The Department of Defense announced that it is developing a new cybersecurity standard and certification for defense contractors. It is named the “Cybersecurity Maturity Model Certification” (CMMC).
Notably, the intent of the CMMC is to improve cybersecurity deficiencies in the defense industrial base and secure the supply chain.
The CMMC is expected to be based on NIST SP 800-171, as is the current Defense Federal Acquisition Regulation Supplement (DFARS) rule. Specifically, DFARS Clause 252.204-7012 requires defense contractors handling sensitive, unclassified information to implement the 110 security controls of NIST SP 800-171.
However, the CMMC may incorporate or rely on frameworks in addition to NIST SP 800-171.
According to news reports, the CMMC will serve as the enforcement mechanism lacking in the current DFARS rule.
Although the draft CMMC has not yet been published, it’s been reported that there will be 5 levels of certification. The levels will range from basic cyber hygiene to “State-of-the-Art.” DoD contracts will require specific levels — and awards will be “go/no-go” based on the contractor’s certification status.
This is a fundamental change to how defense contracts are awarded today.
Audits Will Be Required
The current DFARS cybersecurity clause does not require third-party audits. Contractors may self-certify that they have implemented NIST SP 800-171.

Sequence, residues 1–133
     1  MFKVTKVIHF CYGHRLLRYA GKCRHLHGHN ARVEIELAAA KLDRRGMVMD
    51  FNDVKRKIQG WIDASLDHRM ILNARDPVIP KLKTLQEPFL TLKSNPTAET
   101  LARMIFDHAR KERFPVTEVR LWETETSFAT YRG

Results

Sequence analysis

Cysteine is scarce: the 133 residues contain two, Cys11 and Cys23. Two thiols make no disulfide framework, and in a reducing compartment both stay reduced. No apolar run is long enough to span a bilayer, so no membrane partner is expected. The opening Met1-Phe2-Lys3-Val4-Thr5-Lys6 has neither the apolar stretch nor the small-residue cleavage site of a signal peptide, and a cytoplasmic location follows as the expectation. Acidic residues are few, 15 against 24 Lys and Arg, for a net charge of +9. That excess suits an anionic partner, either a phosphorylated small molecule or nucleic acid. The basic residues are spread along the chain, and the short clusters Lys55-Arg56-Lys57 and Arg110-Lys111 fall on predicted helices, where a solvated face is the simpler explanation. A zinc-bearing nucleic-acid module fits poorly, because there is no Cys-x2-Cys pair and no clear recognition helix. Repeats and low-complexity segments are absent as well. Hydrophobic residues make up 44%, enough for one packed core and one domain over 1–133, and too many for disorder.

Reportedly, the CMMC will require independent, third-party audits.
At a May 23, 2019 conference at Georgetown University Law Center in Washington, DC, Katie Arrington, Special Assistant to the Assistant Secretary of Defense for Acquisition for Cyber, Office of the Under Secretary of Acquisition and Sustainment, U.S. Department of Defense, spoke on the CMMC program. Ms. Arrington remarked that every kind of businesses doing business with the DoD will need a third-party audit under the new system.
This audit requirement will be another fundamental change to the current acquisition rules.
On June 13, 2019, the Professional Services Council in Arlington, Virginia is presenting an event on this topic. Ms. Arrington is scheduled to speak on the CMMC. The Hon. Kevin Fahey, Assistant Secretary of Defense for Acquisition, Office of the Under Secretary of Acquisition and Sustainment, U.S. Department of Defense, will speak on the Pentagon’s perspective on acquisitions.
More information on the CMMC is expected to be released in the upcoming months. Sera-Brynn will provide its analysis of the draft CMMC when it is released.
The author, Colleen H. Johnson, JD, is a senior legal analyst at Sera-Brynn, a Virginia-based cyber risk management firm.